Although discussed by the plaintiff, both before the motion judge and in its brief on appeal, neither the judge nor the defendant insurer makes mention of that provision. For all that appears, the plaintiff may have met the conditions of the provision, and the insurer may be liable directly under s. 25.

Our case law also does not limit the workers' compensation insurer's duty to defend as Atlantic would suggest. In Peerless Ins. Co. v. Hartford Ins. Co., 34 Mass. App. Ct. 534 , 536 (1993), the underlying claim was a wrongful death action against the employer, but the complaint "assiduously avoided" mentioning that the decedent was an employee of the defendant, and alleged simply that the defendant had

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negligently maintained equipment thereby contributing to the decedent's fatal accident. We recognized that, read literally, the complaint did not implicate workers' compensation or employer liability coverage under the policy issued by Hartford, yet we pointed out, "surely a wholly literal reading of the complaint was not reasonable." Ibid. Hartford was at least bound to inquire whether the decedent was an employee, as it, in fact, did. When it appeared that he was an employee hurt in the course of his employment, "it [was] impermissibly arch for a workers' compensation insurer, such as the Hartford in this case, to shut out reality of which it ha[d] become aware and to read abstractly the language of the complaint as a basis for not defending the action." [Note 4] Id. at 536-537. The Peerless case makes clear, albeit in dicta, that Atlantic had a duty to defend against the employee's action. [Note 5]

Moreover, the broad language of the policy, "any claim, proceeding or suit," does not limit the duty to defend to claims brought before the Department of Industrial Accidents. See Hazen Paper Co. v. United States Fid. & Guar. Co., 407 Mass. 689 , 693 (1990), where the insurer's duty to defend "any suit" was construed to include a duty to defend against an EPA letter, even though "[l]iterally, there is no suit." See also Community Unit Sch. Dist. v. Country Mut. Ins., 95 Ill. App. 3d 272 (1981) ("civil suit" covered proceeding before EEOC and not limited to actions in common law court).

The reliance by the insurer on the California case of La Jolla Beach and Tennis Club, Inc. v. Industrial Indem. Co.,

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9 Cal. 4th 27 (1995), is misplaced. Not only did that court rely on statutory definitions which contrasted damages with compensation, but also the California act contains no provision comparable to section 25. In any event, to the extent that the La Jolla case is not in accord with the views here expressed, we do not follow it.

In sum, we think summary judgment was improperly allowed as to the defendant Atlantic. The action was, however, properly dismissed as to the defendant Nathan Sallop Insurance Agency. The plaintiff's amended complaint merely alleged, without elaboration, that the defendant Nathan Sallop Insurance Agency, Inc., is an entity doing business as an insurance company. There is nothing in the policy or in any of the documents in the record which would negate the inference from the signature on the policy that the defendant Nathan Sallop Insurance Agency was an insurance agency and not an insurer. Accordingly, in the absence of any other allegations, let alone evidence, there was no error in dismissing the action against the defendant Nathan Sallop Insurance Agency.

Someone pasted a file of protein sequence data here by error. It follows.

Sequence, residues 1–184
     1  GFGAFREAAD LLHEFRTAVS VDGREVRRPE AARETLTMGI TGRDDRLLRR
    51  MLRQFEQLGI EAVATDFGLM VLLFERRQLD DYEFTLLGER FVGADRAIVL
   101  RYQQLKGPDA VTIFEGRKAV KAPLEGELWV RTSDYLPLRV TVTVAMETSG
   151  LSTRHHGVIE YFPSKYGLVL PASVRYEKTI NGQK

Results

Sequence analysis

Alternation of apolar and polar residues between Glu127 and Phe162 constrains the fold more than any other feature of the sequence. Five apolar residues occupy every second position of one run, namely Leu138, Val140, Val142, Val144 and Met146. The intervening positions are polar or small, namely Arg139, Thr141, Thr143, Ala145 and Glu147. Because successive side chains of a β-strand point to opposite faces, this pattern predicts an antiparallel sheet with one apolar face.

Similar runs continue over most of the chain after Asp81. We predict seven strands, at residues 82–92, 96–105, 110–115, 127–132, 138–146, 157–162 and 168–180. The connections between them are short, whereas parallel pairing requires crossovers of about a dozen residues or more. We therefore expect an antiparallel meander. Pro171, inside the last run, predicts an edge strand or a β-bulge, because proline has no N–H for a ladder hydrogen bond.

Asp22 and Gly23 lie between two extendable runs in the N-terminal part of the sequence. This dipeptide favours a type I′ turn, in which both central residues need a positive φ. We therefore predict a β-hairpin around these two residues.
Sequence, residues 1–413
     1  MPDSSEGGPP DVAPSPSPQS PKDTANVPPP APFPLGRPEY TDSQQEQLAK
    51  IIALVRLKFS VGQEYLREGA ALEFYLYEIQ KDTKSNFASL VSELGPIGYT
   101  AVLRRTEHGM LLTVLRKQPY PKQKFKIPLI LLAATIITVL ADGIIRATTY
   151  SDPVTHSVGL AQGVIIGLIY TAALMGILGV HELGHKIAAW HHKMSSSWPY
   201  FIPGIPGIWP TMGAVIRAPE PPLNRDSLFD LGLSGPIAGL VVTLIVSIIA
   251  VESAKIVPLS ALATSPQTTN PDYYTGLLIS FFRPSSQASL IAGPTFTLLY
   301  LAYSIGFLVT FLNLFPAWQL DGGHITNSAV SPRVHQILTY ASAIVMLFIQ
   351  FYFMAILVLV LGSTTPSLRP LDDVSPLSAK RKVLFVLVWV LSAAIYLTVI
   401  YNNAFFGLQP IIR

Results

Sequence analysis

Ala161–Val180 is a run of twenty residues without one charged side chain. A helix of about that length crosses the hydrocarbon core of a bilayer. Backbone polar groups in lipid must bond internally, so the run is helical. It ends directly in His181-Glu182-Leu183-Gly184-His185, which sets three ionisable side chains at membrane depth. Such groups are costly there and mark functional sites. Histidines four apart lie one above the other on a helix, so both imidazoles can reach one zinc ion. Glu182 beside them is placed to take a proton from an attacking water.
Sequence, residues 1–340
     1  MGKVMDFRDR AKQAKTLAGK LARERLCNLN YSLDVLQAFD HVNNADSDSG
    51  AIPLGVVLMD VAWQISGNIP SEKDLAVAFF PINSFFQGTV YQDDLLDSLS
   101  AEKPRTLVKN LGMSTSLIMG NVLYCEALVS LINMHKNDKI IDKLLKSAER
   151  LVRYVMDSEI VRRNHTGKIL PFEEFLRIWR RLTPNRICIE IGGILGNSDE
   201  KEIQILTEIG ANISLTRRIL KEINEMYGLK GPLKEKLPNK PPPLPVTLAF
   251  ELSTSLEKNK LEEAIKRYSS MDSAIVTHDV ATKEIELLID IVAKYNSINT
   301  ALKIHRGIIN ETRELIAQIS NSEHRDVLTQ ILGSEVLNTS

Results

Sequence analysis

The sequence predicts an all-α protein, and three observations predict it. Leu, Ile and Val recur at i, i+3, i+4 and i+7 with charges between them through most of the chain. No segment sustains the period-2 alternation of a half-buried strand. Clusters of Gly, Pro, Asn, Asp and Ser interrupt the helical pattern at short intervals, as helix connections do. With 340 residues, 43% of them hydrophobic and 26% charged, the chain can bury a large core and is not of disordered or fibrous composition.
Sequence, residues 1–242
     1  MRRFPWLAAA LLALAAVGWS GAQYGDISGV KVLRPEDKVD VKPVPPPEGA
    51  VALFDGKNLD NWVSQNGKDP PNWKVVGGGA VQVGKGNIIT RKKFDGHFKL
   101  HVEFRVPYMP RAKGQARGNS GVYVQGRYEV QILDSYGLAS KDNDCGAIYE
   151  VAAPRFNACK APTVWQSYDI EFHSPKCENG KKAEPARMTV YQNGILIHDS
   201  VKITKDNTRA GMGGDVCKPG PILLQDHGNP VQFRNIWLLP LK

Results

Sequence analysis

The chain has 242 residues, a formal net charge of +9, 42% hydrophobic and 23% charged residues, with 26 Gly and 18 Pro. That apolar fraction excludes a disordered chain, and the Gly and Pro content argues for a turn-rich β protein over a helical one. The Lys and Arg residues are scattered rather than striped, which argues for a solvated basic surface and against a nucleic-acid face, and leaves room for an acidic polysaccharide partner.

The judgment in favor of Atlantic is reversed and the case is remanded to the Superior Court for further proceedings against that defendant. [Note 6] The judgment in favor of Nathan Sallop Insurance Agency is affirmed.

So ordered.


[Note 1] Nathan Sallop Insurance Agency.

[Note 2] General Laws c. 152, s. 24, in relevant part provides: "An employee shall be held to have waived his right of action at common law . . . in respect to an injury that is compensable under this chapter, to recover damages for personal injuries, if he shall not have given his employer, at the time of his contract of hire, written notice that he claimed such right .... If an employee has not given notice to his employer that he preserves his right of action at common law as provided by this section, the employee's spouse, children, parents . . . shall also be held to have waived any right created . . . at common law . . . against such employer, including, but not limited to claims for damages due to emotional distress, loss of consortium . . . when such loss is a result of any injury to the employee that is compensable under this chapter."

[Note 3] General Laws c. 152, s. 25, provides: "If an insured person who has complied with the rules, regulations and demands of the insurer is required by a judgment of a court to pay to an employee any damages on account of personal injury sustained by such employee during the period covered by insurance, the insurer shall pay to the insured the full amount of such judgment and the cost assessed therewith if the insured shall have given the insurer written notice of the bringing of the action in which the judgment was recovered and an opportunity to appear and defend the same.

[Note 4] We also pointed out: "Had Hartford assumed the defense, [the decedent's] status as an employee, which the parties to this secondary action now acknowledge, would have provided a basis for dismissal of the negligence action and the administrator's consequent remission to workers' compensation remedies (the decedent having failed to elect common law remedies in the manner permitted by c. 152, s. 24)." Id. at 537.

[Note 5] In the present case, the action of Atlantic appears troublesome rather than "arch", Although the record does not contain the correspondence of the insurer, the denial of a defense was presumably based on the fact that the action was framed in common law terms and brought in the Superior Court rather than under the compensation act. Surely, the insurer knew of the exclusivity provisions, yet it appears that it did not inform HDH thereof (if HDH had been informed, it is inconceivable that it would have failed to plead the defense). By such silence Atlantic might avoid, as indeed was the case, having the employee subsequently seek from it her workers, compensation remedies.

[Note 6] Since the motion for summary judgment dealt only with Atlantic's duty to defend under the language of the policy and the plaintiff's alleged waiver of such duty, we do not reach any other issues which may be involved in this case.